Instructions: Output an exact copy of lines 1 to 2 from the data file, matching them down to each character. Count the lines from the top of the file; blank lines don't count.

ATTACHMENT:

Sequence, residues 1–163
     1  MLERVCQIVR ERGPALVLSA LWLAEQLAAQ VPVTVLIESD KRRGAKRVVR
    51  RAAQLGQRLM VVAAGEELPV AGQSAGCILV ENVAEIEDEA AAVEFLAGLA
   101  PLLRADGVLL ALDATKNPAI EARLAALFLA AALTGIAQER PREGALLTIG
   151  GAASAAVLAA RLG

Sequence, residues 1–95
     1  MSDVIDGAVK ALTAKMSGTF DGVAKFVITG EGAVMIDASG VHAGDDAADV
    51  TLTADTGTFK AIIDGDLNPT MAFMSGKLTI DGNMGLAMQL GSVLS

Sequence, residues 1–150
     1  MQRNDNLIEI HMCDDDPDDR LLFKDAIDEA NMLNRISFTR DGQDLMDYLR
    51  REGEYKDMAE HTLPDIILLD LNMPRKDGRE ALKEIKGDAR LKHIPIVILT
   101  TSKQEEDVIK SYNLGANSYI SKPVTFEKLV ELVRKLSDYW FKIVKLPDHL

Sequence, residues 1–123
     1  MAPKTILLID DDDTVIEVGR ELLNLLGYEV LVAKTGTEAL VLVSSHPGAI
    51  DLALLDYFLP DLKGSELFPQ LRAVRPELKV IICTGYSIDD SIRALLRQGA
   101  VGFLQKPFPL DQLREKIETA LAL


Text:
Sequence, residues 1–163
     1  MLERVCQIVR ERGPALVLSA LWLAEQLAAQ VPVTVLIESD KRRGAKRVVR